The Importance of Client-Side JavaScript Security

It seems like no matter where you look these days, you’re bound to see something that has been created, at least in part, using JavaScript.

One reason for this is that JavaScript is so easy to learn and use. Another reason has to do with the wide availability of easy-to-incorporate, open-source libraries like jQuery, React.js, Backbone.js, Angular.js, and Ember.js.

When added together, this makes for a huge boost in development potential. People who have great ideas for applications don’t necessarily need to be developers or hire developers in order to make those ideas a reality.

Of course, this ease of development also opens up the increased risk of security vulnerabilities, too, since these libraries can be included and used, all without having to know what’s really going on under the hood.

JavaScript Security

There are basically two lines of thinking when it comes to JavaScript security: one being the issue of protecting your code against being hacked, and the other being protection from a proprietary standpoint — preventing your code from being tampered with or stolen.

Server-side hosting. Traditionally, code protection meant storing as much code on the server as possible. This kept your code safe from prying eyes, and it also allowed the server to do the heavy lifting, performance-wise.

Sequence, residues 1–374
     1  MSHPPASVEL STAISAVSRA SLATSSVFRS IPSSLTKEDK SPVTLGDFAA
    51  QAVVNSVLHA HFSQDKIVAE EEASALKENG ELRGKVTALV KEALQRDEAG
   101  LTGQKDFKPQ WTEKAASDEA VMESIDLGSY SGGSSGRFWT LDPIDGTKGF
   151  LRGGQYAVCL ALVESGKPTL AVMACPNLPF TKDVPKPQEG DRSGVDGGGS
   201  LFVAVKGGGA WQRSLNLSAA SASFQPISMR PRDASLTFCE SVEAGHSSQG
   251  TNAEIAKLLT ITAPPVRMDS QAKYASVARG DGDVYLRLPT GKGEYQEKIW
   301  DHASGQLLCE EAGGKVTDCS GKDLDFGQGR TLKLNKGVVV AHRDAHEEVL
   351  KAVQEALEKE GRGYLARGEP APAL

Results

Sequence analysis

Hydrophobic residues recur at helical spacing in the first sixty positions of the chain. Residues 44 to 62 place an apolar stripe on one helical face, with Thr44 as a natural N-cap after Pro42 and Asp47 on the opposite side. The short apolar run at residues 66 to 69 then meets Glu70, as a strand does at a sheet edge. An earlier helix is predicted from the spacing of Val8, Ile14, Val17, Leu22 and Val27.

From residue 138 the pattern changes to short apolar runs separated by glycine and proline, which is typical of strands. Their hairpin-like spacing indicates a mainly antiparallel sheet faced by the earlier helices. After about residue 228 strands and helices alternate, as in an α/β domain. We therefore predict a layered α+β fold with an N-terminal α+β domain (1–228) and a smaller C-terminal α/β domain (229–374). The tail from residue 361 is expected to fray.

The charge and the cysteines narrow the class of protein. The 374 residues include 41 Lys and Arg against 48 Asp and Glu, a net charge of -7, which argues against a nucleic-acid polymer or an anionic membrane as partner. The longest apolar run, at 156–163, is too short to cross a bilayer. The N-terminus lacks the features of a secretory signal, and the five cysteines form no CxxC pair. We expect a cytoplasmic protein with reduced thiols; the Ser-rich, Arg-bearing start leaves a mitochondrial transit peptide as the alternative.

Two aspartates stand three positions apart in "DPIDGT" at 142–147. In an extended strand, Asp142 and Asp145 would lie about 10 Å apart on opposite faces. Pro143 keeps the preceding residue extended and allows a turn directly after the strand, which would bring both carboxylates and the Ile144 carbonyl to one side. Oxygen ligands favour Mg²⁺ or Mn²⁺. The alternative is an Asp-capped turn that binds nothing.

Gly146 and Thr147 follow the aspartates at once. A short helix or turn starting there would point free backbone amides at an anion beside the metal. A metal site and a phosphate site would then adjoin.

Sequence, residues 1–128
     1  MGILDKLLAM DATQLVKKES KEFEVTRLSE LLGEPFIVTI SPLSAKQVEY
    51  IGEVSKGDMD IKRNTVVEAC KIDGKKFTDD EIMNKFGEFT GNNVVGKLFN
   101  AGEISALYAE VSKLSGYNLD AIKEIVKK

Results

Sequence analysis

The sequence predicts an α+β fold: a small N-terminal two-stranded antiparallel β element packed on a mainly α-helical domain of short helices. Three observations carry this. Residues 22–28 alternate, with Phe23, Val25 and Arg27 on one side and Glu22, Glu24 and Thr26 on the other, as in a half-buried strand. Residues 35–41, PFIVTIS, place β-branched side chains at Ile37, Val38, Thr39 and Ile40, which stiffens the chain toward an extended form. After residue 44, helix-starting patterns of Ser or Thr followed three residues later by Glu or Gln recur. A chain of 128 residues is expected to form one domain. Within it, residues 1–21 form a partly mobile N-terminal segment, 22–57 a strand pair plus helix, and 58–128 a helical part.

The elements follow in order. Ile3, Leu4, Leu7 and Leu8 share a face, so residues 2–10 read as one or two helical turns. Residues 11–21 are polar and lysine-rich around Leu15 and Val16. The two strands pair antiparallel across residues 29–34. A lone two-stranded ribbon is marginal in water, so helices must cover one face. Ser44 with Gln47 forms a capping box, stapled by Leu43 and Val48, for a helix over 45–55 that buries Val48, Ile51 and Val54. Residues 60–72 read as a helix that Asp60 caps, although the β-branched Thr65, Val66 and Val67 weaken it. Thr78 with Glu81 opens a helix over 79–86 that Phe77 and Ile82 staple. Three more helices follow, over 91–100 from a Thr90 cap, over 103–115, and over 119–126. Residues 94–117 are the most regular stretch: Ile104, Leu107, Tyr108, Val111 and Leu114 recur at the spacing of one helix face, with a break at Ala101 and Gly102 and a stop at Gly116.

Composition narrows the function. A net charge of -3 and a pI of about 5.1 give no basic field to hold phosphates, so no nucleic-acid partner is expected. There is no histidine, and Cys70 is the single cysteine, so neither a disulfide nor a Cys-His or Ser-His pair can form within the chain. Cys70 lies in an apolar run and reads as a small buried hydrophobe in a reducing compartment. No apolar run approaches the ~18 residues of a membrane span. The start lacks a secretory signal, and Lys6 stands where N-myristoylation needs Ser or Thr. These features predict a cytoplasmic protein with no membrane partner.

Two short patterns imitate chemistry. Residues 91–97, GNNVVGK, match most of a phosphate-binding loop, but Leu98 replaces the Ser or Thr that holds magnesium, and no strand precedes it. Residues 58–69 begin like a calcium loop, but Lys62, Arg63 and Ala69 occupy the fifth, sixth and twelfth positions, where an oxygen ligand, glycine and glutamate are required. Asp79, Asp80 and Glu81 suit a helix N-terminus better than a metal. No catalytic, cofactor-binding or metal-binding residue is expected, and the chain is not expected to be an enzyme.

This still holds true today, but it’s far from a one-size-fits-all solution. Storing your code on the server certainly does offer the best protection, but it also has some disadvantages, too.

One downfall is that it means that you’re forcing an internet connection. This isn’t always a problem, but it’s not feasible if you’re developing an application you want to work offline.

Another consideration is performance. Server calls take time. This isn’t a huge issue for simple apps, but it may be one for high-performance apps like games, where excessive latency can ruin the user experience.

Why encryption won’t work. An inevitable question that many ask is, “Why can’t I just encrypt my file?” This is a great thought. Really. The problem is that it doesn’t quite work that way. You can encrypt the files, but then they won’t be of any use to the browser. You’ll need to decrypt them to make them readable to the browser, putting you back to square one.

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Source: Sitepoint